Clutch Sorenstam captures fifth major title
Monday, June 9, 2003
WILMINGTON, Del. -- Annika Sorenstam faced this kind of pressure at Colonial, only this time she didn't miss the cut -- she won a major.
Three weeks after testing her game on the PGA Tour, Sorenstam came up with clutch shots down the stretch Sunday and was flawless in the playoff, making a routine par on the toughest hole to beat Grace Park and win the LPGA Championship.
Sorenstam won her fifth major among 45 career victories, and had to work harder than ever for this one.
Leading by four shots going into the final round at waterlogged DuPont Country Club, she closed with a 1-over 72 and had to make a par on No. 18 in regulation with a 7-wood from the first cut of rough just to get into a playoff.
"She kept the pressure on me," Sorenstam said. "I made it when I needed to."
Park came up short of the 18th green in the playoff and missed a 12-foot par putt that would have extended the playoff. Sorenstam, who hit a 6-iron into 20 feet, tapped in her par putt and skipped across the green and into the arms of caddie Terry McNamara.
The reason she became the first woman in 58 years to play on the PGA Tour was to elevate her game for moments like this.
Sorenstam won't get any style points for this one, but she'll take it. The McDonald's LPGA Championship is one of two majors she had never won.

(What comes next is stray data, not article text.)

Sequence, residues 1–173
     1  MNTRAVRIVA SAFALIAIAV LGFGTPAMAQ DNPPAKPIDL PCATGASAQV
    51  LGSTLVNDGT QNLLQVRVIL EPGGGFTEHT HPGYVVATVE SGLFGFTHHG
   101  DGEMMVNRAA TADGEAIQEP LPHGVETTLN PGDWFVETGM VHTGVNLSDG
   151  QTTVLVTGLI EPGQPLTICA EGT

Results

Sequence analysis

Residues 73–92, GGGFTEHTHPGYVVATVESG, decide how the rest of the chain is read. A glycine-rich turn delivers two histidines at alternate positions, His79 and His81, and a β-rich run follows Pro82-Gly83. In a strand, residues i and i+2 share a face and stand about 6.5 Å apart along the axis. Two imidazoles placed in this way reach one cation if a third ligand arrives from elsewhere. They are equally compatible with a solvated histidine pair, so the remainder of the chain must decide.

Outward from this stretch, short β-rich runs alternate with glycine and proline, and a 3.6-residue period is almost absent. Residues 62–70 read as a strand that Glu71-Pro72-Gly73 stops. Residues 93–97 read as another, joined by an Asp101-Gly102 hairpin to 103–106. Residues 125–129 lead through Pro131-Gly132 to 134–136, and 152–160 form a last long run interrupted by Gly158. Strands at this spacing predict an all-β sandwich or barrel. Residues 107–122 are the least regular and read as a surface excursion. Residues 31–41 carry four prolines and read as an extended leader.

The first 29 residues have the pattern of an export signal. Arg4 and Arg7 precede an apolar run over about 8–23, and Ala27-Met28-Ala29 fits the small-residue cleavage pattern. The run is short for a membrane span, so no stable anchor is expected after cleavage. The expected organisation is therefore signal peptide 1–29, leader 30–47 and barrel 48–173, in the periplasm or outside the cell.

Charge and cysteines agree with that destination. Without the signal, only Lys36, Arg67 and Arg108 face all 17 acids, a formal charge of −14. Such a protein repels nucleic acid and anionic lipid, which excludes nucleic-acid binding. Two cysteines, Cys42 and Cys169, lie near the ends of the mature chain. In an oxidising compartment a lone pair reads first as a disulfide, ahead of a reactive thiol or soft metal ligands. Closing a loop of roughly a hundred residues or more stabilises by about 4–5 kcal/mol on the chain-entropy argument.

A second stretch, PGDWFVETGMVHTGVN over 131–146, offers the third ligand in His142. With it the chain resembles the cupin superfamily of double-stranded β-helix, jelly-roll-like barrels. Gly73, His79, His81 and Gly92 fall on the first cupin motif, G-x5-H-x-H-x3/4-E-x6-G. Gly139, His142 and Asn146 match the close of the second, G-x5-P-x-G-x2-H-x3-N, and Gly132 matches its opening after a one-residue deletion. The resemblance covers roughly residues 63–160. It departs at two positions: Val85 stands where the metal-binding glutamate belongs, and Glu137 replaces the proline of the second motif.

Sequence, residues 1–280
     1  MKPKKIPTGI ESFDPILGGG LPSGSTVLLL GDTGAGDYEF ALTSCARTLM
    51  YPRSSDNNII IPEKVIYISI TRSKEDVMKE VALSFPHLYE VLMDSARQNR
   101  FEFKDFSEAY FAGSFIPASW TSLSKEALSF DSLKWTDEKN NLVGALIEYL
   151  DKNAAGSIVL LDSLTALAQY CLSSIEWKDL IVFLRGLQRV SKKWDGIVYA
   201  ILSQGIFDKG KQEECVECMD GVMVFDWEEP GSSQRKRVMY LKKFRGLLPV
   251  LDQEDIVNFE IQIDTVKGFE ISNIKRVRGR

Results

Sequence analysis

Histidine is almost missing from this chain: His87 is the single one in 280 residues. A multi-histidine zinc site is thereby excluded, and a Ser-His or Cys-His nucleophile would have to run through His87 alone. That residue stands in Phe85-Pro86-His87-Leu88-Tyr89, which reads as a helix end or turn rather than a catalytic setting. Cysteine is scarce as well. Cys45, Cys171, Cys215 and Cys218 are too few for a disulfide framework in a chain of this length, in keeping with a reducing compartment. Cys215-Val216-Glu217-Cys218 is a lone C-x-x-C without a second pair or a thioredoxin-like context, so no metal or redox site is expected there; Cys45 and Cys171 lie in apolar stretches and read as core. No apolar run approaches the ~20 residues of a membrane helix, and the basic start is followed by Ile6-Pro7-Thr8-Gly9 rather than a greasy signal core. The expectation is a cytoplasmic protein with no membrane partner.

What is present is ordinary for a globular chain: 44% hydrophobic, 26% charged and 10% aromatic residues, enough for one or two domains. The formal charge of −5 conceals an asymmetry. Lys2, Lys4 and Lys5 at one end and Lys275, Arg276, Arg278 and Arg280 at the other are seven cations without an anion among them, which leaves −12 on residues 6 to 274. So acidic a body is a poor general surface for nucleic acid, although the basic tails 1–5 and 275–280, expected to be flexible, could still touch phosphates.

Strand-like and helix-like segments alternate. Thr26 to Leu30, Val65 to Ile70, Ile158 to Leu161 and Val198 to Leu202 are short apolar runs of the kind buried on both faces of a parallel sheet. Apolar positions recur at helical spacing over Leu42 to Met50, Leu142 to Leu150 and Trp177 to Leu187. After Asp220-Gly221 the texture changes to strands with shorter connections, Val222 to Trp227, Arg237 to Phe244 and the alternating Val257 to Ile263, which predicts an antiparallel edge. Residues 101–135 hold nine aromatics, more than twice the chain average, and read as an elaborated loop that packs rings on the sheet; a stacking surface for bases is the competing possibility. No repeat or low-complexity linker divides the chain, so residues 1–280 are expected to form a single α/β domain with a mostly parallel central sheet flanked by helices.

A victory this summer in the Women's British Open at Royal Lytham & St. Annes would make her the fourth woman in the modern era to complete the career Grand Slam.
Park also came through in her first time in contention at a major championship.
She was seven strokes behind when she arrived at DuPont early Sunday morning to complete the rain-delayed third round and finished off a 70 to creep closer to Sorenstam.
The 24-year-old from South Korea poured it on in the final round, closing with a 4-under 67 that often looked like it would be good enough to win.
But Sorenstam didn't buckle.
Sorenstam finished at 6-under 278 and earned $240,000 for her 45th career victory.
Park, in a playoff for the first time on tour, matched her best score in a major. She also had a 67 at the 1999 U.S. Women's Open as an amateur.
They were the only players who finished under par. Rosie Jones (71), Rachel Teske (71) and Beth Daniel (72) tied for third at even-par 284.
POTOMAC, Md. -- Rory Sabbatini put on a fine Sunday finish without the usual Sunday paycheck, shooting a 68 to take a one-shot lead after three rounds of the rain-delayed FBR Capital Open.
Sabbatini was 11-under par with a 202 total, but he'll have to come back today as he aims for a second career PGA Tour victory. The final two rounds of the tournament were moved back a day after steady downpours wiped out play Saturday.
Swede Nicklas Fasth, a member of Europe's victorious Ryder Cup team a year ago, shot a 67 to move into second place with a 203 total. Duffy Waldorf was three shots off the lead in third place, while Fred Funk, Padraig Harrington, Chris DiMarco, J.L. Lewis, Rich Beem and Tom Gillis were another stroke back in a tie for fourth.
NEWTOWN SQUARE, Pa. -- John Jacobs shot a 2-under 68 in the final round Sunday to claim a two-stroke victory over Bobby Wadkins in the Senior PGA Championship.
Jacobs, 58, birdied the 15th and 16th holes to pull away from Wadkins in the first major championship of the Champions Tour season. He finished at 4-under 276.
Bruce Lietzke and defending champion Fuzzy Zoeller tied for third, three shots behind the oldest player to win the Senior PGA since 61-year-old Pete Cooper won in 1976.
-- From wire reports